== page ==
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2005 does it again! - 99%

Fatal_Metal, October 10th, 2005

2005 is one of the greatest years metal ever had since the 80's. Just look at the number of great releases by bands such as Dark Tranquility, Exodus and a list too long to name. Among these bands, Nevermore is one who really got the cream of the year. This Godless Endeavor is perfection for Nevermore which they have hinted at but not achieved in other stellar albums such as Dreaming Neon Black and the monstrous Politics’ Of Ecstasy. Simply put, this album would easily reach the top 5 in the best albums of 2005 which is an amazingly tough feat to accomplish considering the number of stellar releases this year.

Nevermore's genre has always been divided among the masses. On one hand most of the people slot them into the "Progressive Power Thrash" genre whereas on the other hand Thrash purists say they aren't thrash and are "Half-thrash". Nevermore's genre is extremely hard to pin down as the there is no power metal band as angered or sadistic as Nevermore, there's no power metal band who plays as hard as Nevermore, there's no guitarist except for a few (Gus G, Herman Li) in power metal who can compare to the shredding genius of Jeff Loomis and only Alexi of Children Of Bodom manages to surpass him. Warrel’s low, brooding voice may piss off many people but I’d say it perfectly fits the dark overtones of the music – tell me if a really over-the-top power metal vocalist or a rough thrash vocalist would fit? Could you imagine ZP Theart from Dragonforce or Steve Souza from Exodus singing here? I bet not. Therefore, Nevermore have always been a band with a style of their own, playing a style that’s vaguely power metal but has a power and message of its own far different from that genre and a style that’s heavy and nearly thrashy but not quite thrash as some people point out. This album is another one by Nevermore that’s unclassifiable and enjoyable as hell for metal fan.

There have been no flaws that have been associated with this CD and even I feel so. Its an almost perfect CD and I only restrict a hundred because hundred's need to be given only to classics that have stood the test of time such as Rust In Peace, Painkiller or Seventh Son Of A Seventh Son and even though this is an awesome CD we have yet to see if it can stand the ultimate test of time. On a song level, everything here just as many releases in 2005 plain rules. There can’t be anything better to describe how good this album really is except hearing it for yourself and experiencing Nevermore’s excellent craftsmanship. Right from opener Born we are treated to a style of metal that is distinctly their Nevermore’s own– an unclassifiable style full of catchy choruses, lyrics related to human issues rather than Tolkien and virtuoso solos.

Although all the songs in This Godless Endeavor are brilliant, I will mention to you a few that will especially catch your ear’s attention – Bittersweet Feast, Opener Born, This Godless Endeavor, My Acid Words and Medicated Nation. Bittersweet Feast has the sweetest chorus on the album. It uses double-layered voices and uses them better than anyone had earlier culminating into a total classic in its own right. Then, opener Born is heavy and fast with another catchy chorus which Nevermore can’t stop churning out. The title track stands at an epic length of 8 minutes 30 seconds and has a very dark overtone to it, its length is full of ripping solos and Warrel does one of his sparse screeches in the end – “The sky is falling!” My Acid Words is full of excellent virtuoso guitaring and Medicated Nation gets a special mention for its anti-drug lyrics which I love. This Godless Endeavor doesn’t have anything that’s totally a ballad except for the Children-Of-The-Damned like Sentient 6 which gets faster when nearing the end and the slower parts of Sell My Heart for Stones.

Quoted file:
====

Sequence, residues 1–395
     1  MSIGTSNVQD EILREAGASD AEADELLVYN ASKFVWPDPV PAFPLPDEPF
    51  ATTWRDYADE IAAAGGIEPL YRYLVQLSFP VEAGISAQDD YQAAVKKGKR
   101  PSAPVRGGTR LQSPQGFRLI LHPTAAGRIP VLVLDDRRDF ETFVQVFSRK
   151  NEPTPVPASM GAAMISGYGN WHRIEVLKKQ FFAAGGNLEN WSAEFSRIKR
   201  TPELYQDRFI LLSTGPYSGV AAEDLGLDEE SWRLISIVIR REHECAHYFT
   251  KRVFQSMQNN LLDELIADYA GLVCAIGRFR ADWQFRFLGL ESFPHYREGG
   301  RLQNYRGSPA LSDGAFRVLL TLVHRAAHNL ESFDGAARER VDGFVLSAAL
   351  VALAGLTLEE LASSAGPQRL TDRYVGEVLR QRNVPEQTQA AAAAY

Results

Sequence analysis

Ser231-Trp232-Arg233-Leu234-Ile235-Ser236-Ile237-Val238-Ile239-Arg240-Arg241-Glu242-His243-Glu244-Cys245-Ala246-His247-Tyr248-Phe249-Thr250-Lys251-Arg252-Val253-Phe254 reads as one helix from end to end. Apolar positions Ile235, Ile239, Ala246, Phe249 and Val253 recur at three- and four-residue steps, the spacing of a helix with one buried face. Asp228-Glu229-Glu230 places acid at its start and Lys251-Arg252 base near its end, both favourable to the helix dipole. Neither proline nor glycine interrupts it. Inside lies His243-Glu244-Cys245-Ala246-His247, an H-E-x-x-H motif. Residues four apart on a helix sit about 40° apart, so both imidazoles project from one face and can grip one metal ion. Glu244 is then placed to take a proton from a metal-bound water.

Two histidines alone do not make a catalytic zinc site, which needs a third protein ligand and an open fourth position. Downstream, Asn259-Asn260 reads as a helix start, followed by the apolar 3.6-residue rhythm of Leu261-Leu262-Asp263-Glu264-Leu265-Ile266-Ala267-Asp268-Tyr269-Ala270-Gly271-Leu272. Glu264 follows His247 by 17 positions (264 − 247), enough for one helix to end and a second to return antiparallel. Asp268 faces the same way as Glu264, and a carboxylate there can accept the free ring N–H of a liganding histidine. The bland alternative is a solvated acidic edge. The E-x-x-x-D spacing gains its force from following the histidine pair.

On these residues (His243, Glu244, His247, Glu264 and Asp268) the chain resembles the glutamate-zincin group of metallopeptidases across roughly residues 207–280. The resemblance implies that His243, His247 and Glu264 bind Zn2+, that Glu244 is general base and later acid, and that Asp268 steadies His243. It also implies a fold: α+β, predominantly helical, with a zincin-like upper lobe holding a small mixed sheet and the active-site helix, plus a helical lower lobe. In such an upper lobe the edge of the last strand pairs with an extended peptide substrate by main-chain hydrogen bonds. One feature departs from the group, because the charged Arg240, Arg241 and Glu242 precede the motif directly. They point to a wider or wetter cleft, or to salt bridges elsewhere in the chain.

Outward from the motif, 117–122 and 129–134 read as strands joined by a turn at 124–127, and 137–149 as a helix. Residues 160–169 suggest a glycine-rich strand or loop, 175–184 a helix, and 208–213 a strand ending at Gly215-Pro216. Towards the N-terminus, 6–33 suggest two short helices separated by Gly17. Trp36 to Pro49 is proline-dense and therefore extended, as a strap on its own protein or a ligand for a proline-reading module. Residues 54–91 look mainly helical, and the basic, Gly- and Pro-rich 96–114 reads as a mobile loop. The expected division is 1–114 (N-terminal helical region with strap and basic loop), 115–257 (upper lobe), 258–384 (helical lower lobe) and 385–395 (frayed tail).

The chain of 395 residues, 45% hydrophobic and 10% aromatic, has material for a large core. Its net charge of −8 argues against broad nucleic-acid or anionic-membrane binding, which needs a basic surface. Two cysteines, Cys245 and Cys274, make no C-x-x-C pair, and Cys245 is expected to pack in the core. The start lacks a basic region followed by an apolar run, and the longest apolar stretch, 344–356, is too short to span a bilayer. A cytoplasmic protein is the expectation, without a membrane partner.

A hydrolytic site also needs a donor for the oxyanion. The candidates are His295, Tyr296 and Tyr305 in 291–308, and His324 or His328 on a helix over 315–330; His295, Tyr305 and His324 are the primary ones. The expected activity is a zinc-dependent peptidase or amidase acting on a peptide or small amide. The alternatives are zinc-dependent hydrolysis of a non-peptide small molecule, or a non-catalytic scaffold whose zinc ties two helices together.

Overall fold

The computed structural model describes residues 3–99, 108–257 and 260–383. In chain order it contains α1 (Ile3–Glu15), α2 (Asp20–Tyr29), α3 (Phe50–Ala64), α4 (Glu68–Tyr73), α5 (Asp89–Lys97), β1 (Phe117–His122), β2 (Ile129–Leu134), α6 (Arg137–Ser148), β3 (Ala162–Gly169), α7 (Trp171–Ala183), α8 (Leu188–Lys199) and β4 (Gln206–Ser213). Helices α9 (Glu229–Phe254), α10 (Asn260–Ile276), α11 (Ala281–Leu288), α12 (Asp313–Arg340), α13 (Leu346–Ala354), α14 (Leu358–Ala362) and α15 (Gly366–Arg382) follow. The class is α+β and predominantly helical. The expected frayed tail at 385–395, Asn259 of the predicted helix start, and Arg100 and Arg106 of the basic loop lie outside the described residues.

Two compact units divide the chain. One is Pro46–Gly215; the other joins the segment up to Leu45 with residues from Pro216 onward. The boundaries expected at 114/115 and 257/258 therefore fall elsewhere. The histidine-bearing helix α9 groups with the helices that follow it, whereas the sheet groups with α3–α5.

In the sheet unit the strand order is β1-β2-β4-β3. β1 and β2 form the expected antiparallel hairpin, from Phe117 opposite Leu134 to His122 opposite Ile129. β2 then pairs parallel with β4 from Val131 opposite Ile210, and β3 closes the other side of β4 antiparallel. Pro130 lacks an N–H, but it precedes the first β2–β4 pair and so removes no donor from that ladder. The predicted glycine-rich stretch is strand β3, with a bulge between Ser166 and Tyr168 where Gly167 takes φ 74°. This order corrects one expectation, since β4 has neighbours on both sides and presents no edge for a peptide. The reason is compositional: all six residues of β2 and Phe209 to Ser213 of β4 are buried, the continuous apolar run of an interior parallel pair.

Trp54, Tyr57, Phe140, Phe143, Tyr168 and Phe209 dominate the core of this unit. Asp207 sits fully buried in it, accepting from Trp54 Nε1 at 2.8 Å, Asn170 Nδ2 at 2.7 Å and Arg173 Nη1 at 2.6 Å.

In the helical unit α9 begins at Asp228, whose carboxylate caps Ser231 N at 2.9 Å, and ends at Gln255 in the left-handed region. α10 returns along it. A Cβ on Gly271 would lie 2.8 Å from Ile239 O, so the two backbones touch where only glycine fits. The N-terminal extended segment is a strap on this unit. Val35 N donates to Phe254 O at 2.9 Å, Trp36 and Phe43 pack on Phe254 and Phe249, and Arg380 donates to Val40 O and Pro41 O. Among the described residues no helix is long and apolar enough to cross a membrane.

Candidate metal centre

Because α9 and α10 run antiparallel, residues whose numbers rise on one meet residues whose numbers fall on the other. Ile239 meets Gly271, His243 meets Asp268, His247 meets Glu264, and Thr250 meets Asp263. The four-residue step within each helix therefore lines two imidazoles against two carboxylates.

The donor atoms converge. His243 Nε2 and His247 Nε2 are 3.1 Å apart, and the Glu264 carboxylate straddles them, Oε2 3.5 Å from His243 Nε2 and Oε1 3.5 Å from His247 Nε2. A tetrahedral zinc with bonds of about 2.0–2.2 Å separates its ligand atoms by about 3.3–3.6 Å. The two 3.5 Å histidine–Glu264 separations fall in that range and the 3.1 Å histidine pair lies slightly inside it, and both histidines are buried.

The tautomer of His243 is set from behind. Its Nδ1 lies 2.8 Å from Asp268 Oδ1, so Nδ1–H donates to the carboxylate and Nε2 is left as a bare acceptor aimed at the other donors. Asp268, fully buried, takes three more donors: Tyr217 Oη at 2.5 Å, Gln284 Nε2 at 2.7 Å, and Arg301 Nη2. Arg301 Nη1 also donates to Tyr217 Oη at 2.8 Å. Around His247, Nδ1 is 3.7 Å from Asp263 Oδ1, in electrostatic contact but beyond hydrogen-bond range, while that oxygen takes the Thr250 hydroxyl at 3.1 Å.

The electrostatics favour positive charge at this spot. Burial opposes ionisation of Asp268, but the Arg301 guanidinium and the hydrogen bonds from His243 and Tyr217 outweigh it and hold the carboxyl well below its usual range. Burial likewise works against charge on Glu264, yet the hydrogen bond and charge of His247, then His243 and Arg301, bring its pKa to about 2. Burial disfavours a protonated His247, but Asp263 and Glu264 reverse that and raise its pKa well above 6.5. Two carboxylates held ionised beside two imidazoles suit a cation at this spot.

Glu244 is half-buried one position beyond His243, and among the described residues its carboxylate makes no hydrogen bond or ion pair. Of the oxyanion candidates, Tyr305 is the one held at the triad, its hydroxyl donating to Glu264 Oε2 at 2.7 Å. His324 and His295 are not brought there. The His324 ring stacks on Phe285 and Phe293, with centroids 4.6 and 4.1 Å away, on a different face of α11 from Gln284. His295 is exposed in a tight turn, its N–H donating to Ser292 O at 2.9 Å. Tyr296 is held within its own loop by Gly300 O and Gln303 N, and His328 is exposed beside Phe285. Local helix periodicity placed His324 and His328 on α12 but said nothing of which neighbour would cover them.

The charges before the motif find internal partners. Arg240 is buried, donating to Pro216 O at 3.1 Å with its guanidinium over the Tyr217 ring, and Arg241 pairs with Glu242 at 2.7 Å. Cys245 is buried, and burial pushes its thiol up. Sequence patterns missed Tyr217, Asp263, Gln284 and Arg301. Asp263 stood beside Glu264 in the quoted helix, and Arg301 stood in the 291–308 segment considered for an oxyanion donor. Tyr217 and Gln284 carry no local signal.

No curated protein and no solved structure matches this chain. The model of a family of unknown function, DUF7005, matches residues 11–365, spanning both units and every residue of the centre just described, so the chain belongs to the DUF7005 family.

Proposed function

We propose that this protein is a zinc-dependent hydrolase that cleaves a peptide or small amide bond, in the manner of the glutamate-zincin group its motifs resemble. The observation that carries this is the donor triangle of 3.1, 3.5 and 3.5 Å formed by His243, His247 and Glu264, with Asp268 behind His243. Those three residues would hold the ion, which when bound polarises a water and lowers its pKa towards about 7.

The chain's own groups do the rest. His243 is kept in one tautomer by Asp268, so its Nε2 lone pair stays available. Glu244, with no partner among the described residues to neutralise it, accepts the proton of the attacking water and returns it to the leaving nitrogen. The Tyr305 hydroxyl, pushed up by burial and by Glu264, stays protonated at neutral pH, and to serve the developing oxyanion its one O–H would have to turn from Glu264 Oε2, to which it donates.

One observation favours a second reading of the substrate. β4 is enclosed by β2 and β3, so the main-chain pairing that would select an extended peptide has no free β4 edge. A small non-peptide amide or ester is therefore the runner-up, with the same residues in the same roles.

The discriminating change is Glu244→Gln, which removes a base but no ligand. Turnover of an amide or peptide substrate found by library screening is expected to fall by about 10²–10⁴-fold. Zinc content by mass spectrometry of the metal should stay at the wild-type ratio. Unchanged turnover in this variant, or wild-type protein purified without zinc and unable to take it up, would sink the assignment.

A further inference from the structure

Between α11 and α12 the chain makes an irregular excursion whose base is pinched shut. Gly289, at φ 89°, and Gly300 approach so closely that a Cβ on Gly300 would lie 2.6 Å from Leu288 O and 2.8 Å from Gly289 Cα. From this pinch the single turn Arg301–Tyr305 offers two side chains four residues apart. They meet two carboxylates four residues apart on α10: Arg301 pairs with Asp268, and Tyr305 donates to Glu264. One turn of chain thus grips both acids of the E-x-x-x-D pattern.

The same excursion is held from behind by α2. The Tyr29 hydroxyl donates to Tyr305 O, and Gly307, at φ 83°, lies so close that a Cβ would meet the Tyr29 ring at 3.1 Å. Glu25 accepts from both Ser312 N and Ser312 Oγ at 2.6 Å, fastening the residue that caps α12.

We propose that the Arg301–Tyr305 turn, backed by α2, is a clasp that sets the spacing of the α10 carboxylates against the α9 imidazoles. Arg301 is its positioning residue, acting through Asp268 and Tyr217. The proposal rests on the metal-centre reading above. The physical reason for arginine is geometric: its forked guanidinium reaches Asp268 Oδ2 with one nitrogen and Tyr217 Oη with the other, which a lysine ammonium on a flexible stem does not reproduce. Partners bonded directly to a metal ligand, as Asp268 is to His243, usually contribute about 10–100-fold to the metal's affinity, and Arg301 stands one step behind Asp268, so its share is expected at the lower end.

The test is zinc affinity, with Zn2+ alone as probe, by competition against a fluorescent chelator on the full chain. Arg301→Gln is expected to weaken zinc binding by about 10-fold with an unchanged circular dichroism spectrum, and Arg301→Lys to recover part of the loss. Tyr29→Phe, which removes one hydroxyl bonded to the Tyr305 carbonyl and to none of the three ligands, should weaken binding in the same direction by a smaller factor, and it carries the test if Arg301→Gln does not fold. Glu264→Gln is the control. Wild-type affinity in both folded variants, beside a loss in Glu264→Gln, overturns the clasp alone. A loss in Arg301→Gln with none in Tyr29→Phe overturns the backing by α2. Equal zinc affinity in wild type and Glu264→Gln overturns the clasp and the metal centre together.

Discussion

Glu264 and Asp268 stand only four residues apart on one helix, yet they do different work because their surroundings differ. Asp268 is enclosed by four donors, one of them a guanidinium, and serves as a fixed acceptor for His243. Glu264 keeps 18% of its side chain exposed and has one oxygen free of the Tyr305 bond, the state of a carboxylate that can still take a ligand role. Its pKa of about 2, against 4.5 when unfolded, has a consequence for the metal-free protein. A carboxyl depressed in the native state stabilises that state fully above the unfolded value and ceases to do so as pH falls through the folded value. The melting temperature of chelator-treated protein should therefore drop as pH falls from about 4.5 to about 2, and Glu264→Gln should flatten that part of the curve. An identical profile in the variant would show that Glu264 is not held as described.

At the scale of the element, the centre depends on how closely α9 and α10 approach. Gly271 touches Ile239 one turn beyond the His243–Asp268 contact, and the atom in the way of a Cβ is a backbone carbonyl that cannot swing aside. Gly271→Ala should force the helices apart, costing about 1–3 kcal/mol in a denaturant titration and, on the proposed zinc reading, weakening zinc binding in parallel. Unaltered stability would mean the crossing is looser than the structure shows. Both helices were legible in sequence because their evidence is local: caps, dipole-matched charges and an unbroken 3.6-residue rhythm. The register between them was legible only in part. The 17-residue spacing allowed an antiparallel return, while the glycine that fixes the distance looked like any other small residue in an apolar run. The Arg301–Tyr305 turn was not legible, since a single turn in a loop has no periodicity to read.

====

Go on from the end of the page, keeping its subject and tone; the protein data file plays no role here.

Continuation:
Regarding lyrics, Warrel has always been a sort of a poet. A modern Shakespeare who talks of Society, Mans plight and religious issues instead of dwelling in love. There are fine examples of his lyrics in this album and the past, in this album it can be seen in the form of Medicated Nation, My Acid Words, Bittersweet Feast and the title track.

Overall, the album is well worth hearing unless you’re a really happy power metal band who wont touch anything that’s remotely sad or doesn’t have excess double-bass use or you’re a thrash purist who thinks nevermore are “Half-Thrash” and are propagating the wrong form of thrash and therefore refuse them right away. Nevermore has oodles of talent on display and I’m sure it’d appeal to any metal fan with an open mind whether he likes Black, Death or Thrash metal. Just hear it and pay no heed to any rumors about the album, I’m pretty sure you’d thank me later. Now, to see if this masterpiece can stand the test of time.